a big 9/11 conspiracy myth - laid to rest

  1. dub
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    Following is from The Chicago Sun-Times


    No profiteering on terror attacks

    September 19, 2003

    BY DAVID ROEDER Business Reporter Advertisement

    Somewhere out there are hedge funds or individual investors who profited from the Sept. 11, 2001 terrorist attacks. But they had no foreknowledge of the catastrophes, an FBI spokesman said Thursday.

    Spokesman Ed Cogswell said the FBI has closed its investigation of stock and option trading that took place days before the attacks. He said the investigation turned up "absolutely no evidence'' of anyone with inside knowledge of what would happen.

    After the attacks, in which terrorists commandeered planes owned by the two biggest airlines, United and American, traders in the Chicago options market noticed suspicious pre-Sept. 11 spikes in volume. Put options for stocks in the airlines' parent companies, UAL Corp. and AMR Corp., registered huge trading increases in the week before the attacks.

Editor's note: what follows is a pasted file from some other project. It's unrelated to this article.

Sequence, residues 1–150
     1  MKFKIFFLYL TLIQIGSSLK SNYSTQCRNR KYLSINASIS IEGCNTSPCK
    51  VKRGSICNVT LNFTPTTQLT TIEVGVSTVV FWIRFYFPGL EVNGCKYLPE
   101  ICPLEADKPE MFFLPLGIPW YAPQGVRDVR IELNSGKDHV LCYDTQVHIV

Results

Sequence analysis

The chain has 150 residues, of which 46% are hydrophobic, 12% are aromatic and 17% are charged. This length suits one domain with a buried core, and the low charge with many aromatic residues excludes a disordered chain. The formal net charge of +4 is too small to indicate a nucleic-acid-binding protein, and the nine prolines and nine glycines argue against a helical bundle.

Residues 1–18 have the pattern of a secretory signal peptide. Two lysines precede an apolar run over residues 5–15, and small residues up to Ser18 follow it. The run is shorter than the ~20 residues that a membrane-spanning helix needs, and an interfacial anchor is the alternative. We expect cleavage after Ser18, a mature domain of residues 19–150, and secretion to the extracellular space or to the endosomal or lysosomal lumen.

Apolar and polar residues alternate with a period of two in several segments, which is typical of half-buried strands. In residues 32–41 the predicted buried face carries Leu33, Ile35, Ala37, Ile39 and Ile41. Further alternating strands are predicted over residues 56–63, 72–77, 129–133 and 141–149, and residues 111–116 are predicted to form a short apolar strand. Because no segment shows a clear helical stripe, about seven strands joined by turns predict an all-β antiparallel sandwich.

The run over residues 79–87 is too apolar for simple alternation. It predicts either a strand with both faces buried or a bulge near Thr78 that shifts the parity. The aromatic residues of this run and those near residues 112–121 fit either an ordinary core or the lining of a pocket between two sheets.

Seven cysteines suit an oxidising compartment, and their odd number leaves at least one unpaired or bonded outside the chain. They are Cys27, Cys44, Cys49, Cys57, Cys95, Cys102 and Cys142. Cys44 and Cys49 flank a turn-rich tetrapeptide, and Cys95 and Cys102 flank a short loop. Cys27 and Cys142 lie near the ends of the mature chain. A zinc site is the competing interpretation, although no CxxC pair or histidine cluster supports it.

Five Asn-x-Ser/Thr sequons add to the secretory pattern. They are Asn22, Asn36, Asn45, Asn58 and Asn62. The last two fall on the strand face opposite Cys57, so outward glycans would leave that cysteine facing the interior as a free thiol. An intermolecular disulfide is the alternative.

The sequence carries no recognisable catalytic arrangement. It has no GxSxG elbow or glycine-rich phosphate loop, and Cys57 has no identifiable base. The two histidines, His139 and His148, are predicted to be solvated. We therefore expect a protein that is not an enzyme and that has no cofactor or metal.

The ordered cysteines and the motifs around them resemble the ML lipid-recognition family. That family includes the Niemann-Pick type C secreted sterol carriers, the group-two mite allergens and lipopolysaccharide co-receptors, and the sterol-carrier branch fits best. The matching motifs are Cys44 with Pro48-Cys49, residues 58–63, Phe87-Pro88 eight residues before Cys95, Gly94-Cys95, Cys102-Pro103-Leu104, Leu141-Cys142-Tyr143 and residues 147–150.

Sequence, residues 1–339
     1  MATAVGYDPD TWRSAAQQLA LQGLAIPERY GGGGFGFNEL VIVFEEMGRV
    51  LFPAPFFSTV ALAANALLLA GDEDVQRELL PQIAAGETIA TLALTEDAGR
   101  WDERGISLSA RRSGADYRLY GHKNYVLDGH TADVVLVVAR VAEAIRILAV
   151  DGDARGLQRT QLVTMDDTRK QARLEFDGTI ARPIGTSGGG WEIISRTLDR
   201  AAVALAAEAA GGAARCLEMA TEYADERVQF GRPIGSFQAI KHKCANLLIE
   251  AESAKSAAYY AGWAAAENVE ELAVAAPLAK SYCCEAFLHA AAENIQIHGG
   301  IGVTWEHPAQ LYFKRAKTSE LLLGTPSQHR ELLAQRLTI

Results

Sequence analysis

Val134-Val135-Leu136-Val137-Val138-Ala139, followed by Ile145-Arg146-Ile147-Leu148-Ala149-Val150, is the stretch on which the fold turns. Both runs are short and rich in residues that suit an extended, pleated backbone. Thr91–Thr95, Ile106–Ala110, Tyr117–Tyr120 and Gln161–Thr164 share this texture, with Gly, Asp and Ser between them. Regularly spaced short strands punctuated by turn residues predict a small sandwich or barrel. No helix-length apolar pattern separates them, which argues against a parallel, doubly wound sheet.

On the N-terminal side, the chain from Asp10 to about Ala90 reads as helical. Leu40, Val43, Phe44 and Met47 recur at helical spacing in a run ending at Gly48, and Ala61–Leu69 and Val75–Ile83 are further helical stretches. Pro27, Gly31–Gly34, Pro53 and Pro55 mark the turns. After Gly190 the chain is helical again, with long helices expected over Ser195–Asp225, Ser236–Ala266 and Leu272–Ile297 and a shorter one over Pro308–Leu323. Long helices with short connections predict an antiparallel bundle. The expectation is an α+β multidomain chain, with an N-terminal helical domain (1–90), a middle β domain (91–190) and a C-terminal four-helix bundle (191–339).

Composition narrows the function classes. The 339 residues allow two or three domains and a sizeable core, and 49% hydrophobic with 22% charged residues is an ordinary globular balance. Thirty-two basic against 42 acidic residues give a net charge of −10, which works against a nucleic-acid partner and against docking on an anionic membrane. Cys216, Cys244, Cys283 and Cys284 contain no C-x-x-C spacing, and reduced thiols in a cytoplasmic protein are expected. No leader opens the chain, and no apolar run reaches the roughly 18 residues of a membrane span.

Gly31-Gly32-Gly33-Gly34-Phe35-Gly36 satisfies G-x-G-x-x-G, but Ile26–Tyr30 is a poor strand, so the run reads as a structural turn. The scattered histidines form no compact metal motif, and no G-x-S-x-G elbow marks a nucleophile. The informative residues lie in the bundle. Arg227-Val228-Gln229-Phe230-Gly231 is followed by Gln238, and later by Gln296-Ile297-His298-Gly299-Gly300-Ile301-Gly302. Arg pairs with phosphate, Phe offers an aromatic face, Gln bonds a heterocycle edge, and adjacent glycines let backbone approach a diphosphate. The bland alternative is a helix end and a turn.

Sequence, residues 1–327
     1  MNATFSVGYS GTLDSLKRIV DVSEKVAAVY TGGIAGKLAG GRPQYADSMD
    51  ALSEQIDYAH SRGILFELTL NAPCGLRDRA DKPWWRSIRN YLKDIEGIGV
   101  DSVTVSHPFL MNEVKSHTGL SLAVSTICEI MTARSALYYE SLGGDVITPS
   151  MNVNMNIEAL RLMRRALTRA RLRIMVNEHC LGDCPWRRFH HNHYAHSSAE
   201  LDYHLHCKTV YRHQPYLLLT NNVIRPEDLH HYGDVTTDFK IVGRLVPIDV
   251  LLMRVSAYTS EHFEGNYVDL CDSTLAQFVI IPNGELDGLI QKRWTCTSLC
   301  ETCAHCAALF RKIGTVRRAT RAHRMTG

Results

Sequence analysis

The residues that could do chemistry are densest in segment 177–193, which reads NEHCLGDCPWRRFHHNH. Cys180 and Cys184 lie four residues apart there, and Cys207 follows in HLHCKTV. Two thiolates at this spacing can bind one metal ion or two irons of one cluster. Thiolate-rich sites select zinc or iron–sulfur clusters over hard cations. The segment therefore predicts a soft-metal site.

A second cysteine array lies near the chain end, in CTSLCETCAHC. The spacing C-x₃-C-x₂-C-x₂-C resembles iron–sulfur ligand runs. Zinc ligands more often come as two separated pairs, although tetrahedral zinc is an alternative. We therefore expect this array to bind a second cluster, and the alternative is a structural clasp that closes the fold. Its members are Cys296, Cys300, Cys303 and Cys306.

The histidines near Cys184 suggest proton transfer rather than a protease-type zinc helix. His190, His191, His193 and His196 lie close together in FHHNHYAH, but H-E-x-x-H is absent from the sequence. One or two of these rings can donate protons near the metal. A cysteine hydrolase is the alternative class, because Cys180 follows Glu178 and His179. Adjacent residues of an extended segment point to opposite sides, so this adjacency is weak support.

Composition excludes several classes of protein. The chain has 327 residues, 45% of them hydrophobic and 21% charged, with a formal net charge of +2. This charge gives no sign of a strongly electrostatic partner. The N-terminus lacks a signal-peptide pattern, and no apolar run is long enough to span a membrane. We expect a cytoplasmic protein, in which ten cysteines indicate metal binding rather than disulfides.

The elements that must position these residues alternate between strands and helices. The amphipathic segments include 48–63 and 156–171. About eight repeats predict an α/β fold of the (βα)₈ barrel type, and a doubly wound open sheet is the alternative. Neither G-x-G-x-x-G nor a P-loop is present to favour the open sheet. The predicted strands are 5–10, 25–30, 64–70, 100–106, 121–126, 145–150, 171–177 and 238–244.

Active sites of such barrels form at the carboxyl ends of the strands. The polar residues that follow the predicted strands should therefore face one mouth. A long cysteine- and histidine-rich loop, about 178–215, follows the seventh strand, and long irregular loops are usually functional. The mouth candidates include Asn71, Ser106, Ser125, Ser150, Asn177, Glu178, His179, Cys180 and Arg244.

Investors can use puts, which confer the right to sell a stock at a pre-determined price, to make money when the underlying share price falls, similar to shorting a stock. The terrorist attacks and their effect on the travel industry caused shares of UAL and AMR to fall dramatically when the markets reopened Sept. 17.

    Cogswell said most of the options trading was carried out by hedge funds with bearish outlooks. He did not name any of the funds, which pursue risky investment strategies on behalf of wealthy clients.

    Market regulators in other countries opened similar investigations after the attacks, but Cogswell said he believes all have been concluded with no evidence that allies of Osama bin Laden were involved.

    He said the FBI interviewed trading professionals and other witnesses, sharing its findings with the Justice Department and Securities and Exchange Commission.

    On Sept. 10, 2001, put options on AMR were 17 times their average volume of 269 contracts. On Sept. 6, 2001, UAL put options were traded at more than four times their average volume of 711 contracts.

    At the same time, some experts cautioned that because of the light volume in most option contracts, an increase can seem eye-popping.

    London regulators thought they had something in the short-selling of big airline stocks before Sept. 11, but traced the activity to one of their small competitors.



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